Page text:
Over 40 per cent of the income of Martha’s Vineyard Community Services comes from state contracts. We are very thankful that we have just come through the state budget cuts relatively unscathed. However, in order to maintain the quality of services we provide to the Island community we must be constantly vigilant.
Though the income tax question received little attention when it was last on the ballot in 2002, political observers were stunned by 45 per cent of the vote being in favor of eliminating the state income tax. At the time, a gallon of gas cost less than $1.50, home prices were soaring, and the economy, if imperfect, was not the dominant issue.
Voters for months have endured unemployment increases, flat or decreasing wages and home values, a rising cost of living, and, for the last month, have watched with unease and even panic as stock prices plunged and the credit crisis spread around the world.
In these very troubled times, when people feel so much economic uncertainty and anger toward government and Wall Street, it can be very tempting to want to keep the state income tax money you would otherwise pay. However, we should be careful what we wish for.
In all, the state directly employs about 67,000 people at a cost of $5 billion. Others, such as teachers, police, and firefighters, are supported by aid from the state. Still others work at nonprofits like Martha’s Vineyard Community Services, caring for the mentally ill, working with persons who are disabled, and providing the many services that make our lives more livable. That works out to more than 150,000 jobs statewide.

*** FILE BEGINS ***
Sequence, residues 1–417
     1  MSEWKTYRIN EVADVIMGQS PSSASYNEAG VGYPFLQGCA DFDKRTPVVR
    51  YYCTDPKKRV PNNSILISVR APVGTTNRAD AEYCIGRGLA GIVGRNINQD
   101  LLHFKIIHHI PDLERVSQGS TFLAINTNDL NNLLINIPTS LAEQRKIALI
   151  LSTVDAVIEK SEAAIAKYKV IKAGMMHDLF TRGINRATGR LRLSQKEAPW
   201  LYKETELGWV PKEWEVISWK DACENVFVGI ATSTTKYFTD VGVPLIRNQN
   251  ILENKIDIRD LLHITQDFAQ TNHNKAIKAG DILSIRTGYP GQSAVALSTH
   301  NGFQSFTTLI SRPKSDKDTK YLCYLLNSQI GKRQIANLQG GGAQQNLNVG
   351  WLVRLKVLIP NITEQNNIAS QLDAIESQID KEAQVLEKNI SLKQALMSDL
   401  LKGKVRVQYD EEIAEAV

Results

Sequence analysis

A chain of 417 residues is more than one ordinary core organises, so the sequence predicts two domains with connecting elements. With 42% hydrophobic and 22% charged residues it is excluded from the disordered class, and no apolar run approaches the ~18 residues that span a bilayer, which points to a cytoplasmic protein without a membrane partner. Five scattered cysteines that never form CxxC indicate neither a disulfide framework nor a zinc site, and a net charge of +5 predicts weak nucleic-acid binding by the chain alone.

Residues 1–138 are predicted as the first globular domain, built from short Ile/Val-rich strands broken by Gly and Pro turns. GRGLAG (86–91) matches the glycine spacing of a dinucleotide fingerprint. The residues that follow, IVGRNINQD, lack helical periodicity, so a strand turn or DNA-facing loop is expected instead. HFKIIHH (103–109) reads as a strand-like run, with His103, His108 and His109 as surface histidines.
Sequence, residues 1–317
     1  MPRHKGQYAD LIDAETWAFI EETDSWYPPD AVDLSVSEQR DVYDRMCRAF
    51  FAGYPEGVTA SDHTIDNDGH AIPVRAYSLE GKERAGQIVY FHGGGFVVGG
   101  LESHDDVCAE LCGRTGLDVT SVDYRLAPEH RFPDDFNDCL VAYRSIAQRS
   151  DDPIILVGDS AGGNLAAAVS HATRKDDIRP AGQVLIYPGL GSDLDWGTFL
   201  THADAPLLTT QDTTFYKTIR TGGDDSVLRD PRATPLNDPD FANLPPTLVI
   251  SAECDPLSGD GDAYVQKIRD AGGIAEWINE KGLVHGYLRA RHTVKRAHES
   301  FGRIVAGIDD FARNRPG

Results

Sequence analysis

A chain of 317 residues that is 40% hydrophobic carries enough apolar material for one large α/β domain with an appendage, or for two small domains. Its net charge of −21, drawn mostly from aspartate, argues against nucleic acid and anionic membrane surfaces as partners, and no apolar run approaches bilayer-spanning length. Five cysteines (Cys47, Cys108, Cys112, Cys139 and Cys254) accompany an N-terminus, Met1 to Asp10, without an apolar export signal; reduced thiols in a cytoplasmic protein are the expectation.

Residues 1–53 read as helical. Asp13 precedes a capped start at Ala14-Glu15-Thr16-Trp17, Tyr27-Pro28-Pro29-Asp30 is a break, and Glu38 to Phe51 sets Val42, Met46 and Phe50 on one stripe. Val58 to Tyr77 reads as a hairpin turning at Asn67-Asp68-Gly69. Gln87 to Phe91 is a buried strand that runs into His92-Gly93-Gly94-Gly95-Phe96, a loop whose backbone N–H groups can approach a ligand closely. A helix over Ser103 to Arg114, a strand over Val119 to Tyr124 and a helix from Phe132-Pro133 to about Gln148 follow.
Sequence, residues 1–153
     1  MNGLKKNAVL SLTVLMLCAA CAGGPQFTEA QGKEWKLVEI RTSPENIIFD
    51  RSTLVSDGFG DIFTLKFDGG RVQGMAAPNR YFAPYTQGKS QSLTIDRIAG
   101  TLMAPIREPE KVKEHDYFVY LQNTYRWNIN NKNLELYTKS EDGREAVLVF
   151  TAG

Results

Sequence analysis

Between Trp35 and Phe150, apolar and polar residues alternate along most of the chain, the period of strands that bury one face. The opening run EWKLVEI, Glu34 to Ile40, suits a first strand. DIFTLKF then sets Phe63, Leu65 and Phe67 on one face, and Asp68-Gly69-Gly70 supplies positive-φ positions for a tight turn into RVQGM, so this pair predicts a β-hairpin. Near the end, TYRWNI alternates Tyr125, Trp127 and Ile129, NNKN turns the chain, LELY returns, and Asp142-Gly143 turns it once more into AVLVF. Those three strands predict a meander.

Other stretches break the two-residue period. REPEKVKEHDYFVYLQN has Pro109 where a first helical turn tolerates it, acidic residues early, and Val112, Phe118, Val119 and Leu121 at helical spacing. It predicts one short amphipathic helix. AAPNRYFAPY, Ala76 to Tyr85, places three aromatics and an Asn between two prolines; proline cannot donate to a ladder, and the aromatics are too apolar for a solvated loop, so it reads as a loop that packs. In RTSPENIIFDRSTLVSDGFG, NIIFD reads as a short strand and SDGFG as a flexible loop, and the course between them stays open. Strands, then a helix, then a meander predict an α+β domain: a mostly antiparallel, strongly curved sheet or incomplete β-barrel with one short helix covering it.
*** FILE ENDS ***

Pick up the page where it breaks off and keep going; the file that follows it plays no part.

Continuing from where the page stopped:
A much-respected business-funded organization, the Massachusetts Taxpayers Foundation issued the following report about the huge consequences of a yes vote on question one.
“After accounting for five legally-mandated state programs, the rest of state government would bear across-the-board cuts of 71.1 per cent with the loss of $12.5 billion in state income tax revenue. The cuts would affect almost all human services programs for children, elderly, and adults, courts prisons, our state colleges and universities, state parks and environmental programs, transportation programs, state employee pensions and health benefits, Registry of Motor Vehicles and other programs.
“Except for that portion of Chapter 70 aid to cities and towns that is legally mandated, state aid to cities and towns would be cut by 71 per cent. The large cuts in local aid would lead to higher property taxes which for many individuals would more than offset their income tax savings.”
In order to provide our many services and programs for the Island community, we need the revenue we receive from the commonwealth. Martha’s Vineyard Community Services needs your help. Please vote no on Question One.
Julia Burgess is executive director of Martha’s Vineyard Community Services.